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The Rise and Decline of Vector Graphic : Management Mistakes and IBM Crush Couple's Computer Venture

August 20, 1985|DANIEL AKST | Times Staff Writer

Remember Lore Harp? The housewife-turned-MBA who was splashed on the cover of Inc. magazine, lionized in Savvy and interviewed at reverent length by the Harvard Business Review?

If you have forgotten, it's not surprising. Vector Graphic, the company Lore and Bob Harp founded nine years ago on their kitchen table in Westlake Village, was ambushed a few years back by management blunders and a good-sized competitor by the name of IBM.

Today Vector is as shrunken as a punctured beach ball and right back in Westlake Village--practically on a kitchen table again.

Vector's history is a classic story of success and failure in the computer business, a cautionary tale for energetic entrepreneurs caught up in the mystique of management.

The company is controlled these days by the ill-starred venture capitalists who helped fund it. Few people work there. Its stock has plummeted.

Merger Postponed

And now the company, whose chief executive boasted of facing down Wall Street underwriters with her unyielding demands, is wanted mostly for a transferable tax loss exceeding $10 million. Even so, a proposed merger to exploit the loss has been postponed.

The Harps, meanwhile, are divorced.

At its peak in 1982, Vector Graphic was a computer company with $36.2 million in sales, $2.4 million in profits and an important place in the up-and-coming personal-computer industry. It had 425 workers in a huge Thousand Oaks facility,

What went wrong? "It was a series of blunders," said Donald Sinsabaugh, who used to follow the company for the securities firm of Swergold, Chefitz & Sinsabaugh in New York. Lore Harp, he said, "is not to blame alone. But she was the leading light of that company. Being the person who would have taken the credit, she's the one who has to live with the failure."

Sinsabaugh said he doesn't follow Vector anymore, because "no one cares about dead horses."

Both Harps have moved on to other things. Bob is chairman of Corona Data Systems, a privately held computer company in Thousand Oaks that he founded a month after leaving Vector. Corona, which posted sales of $64 million last year, reported turning its first profit last year and that it is roughly breaking even this year.

Success Story Turned Sour

Lore Harp is in San Mateo, where she has started a new company, Aplex Corp. Earlier this summer, she said it was planning to patent a feminine hygiene product.

She is reluctant to talk about Vector now. But when she does, she says several things turned her success story sour--"the entry of IBM," "too many cooks stirring the broth" and, finally, "lots of things."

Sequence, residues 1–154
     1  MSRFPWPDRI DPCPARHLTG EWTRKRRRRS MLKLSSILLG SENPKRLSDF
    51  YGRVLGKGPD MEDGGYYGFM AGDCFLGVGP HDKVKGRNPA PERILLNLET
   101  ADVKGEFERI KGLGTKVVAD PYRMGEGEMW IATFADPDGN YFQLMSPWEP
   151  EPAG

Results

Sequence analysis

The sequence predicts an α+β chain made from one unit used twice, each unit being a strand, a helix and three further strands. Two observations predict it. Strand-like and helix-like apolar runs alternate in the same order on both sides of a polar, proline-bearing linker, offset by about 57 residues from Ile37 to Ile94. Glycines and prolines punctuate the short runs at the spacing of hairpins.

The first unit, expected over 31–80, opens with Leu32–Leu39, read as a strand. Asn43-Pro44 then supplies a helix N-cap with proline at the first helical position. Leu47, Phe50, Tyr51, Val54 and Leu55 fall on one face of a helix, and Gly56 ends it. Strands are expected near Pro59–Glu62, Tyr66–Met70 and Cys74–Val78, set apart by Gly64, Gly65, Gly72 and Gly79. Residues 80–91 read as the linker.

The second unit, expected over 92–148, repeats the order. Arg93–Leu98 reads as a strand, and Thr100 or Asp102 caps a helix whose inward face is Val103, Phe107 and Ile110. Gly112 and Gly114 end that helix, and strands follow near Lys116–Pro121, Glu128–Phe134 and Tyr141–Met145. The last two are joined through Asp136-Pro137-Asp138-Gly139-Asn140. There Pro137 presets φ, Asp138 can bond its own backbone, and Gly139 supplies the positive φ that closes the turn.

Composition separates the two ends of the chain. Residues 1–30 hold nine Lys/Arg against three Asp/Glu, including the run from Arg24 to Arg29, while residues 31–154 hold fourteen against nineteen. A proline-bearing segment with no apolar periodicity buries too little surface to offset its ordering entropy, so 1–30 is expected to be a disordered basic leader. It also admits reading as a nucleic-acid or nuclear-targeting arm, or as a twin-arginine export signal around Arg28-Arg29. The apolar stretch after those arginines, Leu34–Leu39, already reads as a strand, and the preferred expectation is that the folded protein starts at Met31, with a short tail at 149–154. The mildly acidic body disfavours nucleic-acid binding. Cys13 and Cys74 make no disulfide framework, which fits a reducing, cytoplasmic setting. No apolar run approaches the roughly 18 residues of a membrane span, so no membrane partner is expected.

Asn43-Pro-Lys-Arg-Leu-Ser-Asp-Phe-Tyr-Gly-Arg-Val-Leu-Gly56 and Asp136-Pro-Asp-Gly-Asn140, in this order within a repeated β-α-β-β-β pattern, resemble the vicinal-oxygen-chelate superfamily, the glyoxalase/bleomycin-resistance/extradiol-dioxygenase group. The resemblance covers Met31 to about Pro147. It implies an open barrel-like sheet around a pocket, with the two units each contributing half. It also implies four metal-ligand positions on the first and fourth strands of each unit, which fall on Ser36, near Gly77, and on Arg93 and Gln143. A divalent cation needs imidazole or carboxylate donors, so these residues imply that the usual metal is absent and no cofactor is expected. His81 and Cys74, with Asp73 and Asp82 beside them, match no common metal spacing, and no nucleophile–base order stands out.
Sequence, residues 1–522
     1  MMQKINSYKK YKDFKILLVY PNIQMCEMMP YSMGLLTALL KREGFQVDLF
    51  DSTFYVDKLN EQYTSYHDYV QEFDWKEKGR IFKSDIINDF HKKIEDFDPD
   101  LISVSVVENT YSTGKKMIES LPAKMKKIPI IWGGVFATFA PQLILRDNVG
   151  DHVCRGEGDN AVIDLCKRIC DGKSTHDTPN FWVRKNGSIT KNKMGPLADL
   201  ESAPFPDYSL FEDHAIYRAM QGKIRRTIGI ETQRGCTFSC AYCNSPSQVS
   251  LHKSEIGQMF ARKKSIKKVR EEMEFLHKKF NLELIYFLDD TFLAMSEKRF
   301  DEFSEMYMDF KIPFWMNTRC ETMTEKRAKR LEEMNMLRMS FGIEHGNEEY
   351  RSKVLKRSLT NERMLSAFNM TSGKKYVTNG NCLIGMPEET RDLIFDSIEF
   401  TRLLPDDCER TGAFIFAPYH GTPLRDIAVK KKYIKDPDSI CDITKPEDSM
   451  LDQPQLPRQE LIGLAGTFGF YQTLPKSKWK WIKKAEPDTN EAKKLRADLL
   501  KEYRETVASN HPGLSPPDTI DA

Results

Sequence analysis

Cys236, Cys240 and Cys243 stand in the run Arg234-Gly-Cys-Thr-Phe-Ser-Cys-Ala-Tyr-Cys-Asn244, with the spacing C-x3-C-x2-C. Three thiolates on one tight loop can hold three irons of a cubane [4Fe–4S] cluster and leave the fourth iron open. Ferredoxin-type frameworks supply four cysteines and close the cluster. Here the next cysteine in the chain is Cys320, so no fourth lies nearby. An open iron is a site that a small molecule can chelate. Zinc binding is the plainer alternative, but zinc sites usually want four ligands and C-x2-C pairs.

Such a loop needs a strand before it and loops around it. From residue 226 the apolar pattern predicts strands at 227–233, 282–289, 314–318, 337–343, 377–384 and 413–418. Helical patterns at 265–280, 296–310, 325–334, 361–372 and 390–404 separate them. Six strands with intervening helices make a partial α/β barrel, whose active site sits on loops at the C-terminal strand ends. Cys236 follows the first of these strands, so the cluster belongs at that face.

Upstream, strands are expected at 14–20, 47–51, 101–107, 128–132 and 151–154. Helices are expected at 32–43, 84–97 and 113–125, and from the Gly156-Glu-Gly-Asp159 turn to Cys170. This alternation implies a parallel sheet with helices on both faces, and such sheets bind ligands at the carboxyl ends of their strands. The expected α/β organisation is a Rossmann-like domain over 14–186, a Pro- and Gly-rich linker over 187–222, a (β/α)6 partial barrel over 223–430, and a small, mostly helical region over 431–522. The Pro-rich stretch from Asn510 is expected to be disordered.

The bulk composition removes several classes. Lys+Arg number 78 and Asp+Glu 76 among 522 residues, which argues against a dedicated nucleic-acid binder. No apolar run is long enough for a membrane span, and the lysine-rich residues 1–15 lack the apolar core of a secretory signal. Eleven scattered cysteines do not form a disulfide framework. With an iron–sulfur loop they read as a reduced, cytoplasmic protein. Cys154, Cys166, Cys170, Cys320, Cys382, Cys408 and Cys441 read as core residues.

A strong-willed German emigrant, Lore Harp was 32 back in 1976 and dissatisfied with her comfortable suburban life as mother and homemaker. She tried law school, but the workload, coupled with the demands of her family, were too much. At the same time, her husband, who holds a Stanford doctorate in electrical engineering, was looking for someone to market a computer memory board he had designed.

Bob Harp was working for Hughes Research Laboratories, and Lore Harp wanted to start a business. So she and the Harps' next-door neighbor, former bond trader Carole Ely, decided to market the memory board themselves.

After the company was mapped out in the kitchen, the headquarters became the downstairs bedroom. Capital was $6,000. The product was a kit for Bob's circuit board, a device to expand a computer's memory, packed on the floor by Ely and Lore Harp. Letters signed by Lore Harp had LH/mtf typed in the corner, which looked official, but stood for "Lore Harp/my two fingers."

Bowls Held Components

Growth was accommodated by getting bowls from the kitchen to keep the little components separated. The children were enlisted as assemblers. Later, high school students were hired part time.

In December, 1976, five months after incorporating, Vector moved to 1,200 square feet of rented space and hired two full-time workers. Five months later it moved into even larger quarters.

Once the company was a going concern, Bob Harp quit Hughes and joined Vector full-time, designing its first full-scale personal-computer system. It hit the market in 1977, and Vector was off and running, in the forefront of the personal-computer boom. The company soon became a leader in small, multiuser systems.

By 1980, Lore Harp had obtained her MBA from Pepperdine University, and, by her account, felt challenged and fulfilled in her role as president and chief executive. Bob Harp was chairman and vice president for research and development, using his expertise to design Vector's products.

Curse of Fixed Keyboard

Those products were well-regarded generally, but they weren't perfect. Critics complained that the Vector 3, for example, was uncomfortable to use.

"The thing that killed the Vector 3 was a fixed keyboard," said Michael Murphy, editor of the California Technology Stock Newsletter. "It never caught on."

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